Please use this identifier to cite or link to this item: http://hdl.handle.net/10739/5027
Title: Transitioning to an obese India: Demographic and structural determinants of the rapid rise in overweight incidence
Authors: Aiyar, Anaka
Dhingra, Sunaina
Pingali, Prabhu
Keywords: Demographic transition
Overweight incidence
Nutrition transition
India
Malnutrition
Issue Date: 1-Dec-2021
Publisher: Economics and Human Biology. Elsevier, Netherlands
Citation: Aiyar, A.; Dhingra, S.; and Pingali, P. (2021). Transitioning to an obese India: Demographic and structural determinants of the rapid rise in overweight incidence, Economics and Human Biology, 43, e.101041.
Abstract: India, which has long suffered from undernutrition, has seen a rapid rise in overweight incidence in the last decade and a half. These changes are characterized by significant within-country differences in overweight incidence that vary by gender and regional development levels. In this paper, we provide an integrative framework, linking the income-gradient hypothesis of obesity with biological, obesogenic, and environmental factors to provide an explanation on the emergence of within-country differences in overweight patterns. We utilize measured body mass index (BMI), along with individual- and household-level data of over 800,000 men and women surveyed in the National Family Health Surveys of 2005–06 and 2015–16 to identify correlates of within-country differences in overweight incidence. A decomposition analysis reveals that among women, in addition to increasing access to obesogenic technologies, biological factors are associated with overweight incidence. Among men, obesogenic factors related to technology use and health behaviors are associated with the rise in overweight incidence, but biological factors are not. At lower levels of regional development, overweight incidence is associated with greater access to obesogenic technology such as motorized transport, which reduces physical activity among men at higher rates than women. At higher levels of economic development, obesogenic behaviors, such as watching more television and reducing smoking, are associated with overweight incidence. Our results corroborate the call by public health experts for group-specific policies to stem the rise of overweight incidence in developing countries.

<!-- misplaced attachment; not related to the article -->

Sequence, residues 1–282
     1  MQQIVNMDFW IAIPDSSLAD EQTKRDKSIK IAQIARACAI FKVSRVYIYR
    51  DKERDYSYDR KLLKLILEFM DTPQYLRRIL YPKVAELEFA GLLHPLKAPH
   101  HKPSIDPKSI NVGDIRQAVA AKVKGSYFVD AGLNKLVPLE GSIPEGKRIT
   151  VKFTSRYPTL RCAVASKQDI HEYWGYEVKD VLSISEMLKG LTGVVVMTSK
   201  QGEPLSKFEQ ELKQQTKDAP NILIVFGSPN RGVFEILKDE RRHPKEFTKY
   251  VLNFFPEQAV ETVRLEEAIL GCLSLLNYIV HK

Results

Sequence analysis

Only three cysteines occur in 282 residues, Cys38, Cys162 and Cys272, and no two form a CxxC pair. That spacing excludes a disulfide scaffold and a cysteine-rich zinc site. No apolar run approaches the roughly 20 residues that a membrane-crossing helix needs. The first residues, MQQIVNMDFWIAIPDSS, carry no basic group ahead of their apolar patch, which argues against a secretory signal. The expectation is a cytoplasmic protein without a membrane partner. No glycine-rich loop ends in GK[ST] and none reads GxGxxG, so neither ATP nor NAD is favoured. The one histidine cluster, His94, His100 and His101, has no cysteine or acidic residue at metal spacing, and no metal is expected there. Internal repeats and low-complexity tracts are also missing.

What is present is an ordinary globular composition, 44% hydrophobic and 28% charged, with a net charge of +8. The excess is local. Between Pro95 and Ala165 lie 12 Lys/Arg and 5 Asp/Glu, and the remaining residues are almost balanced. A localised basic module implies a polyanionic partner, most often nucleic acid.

URI: https://doi.org/10.1016/j.ehb.2021.101041
http://hdl.handle.net/10739/5027
Appears in Collections:JGU Research Publications

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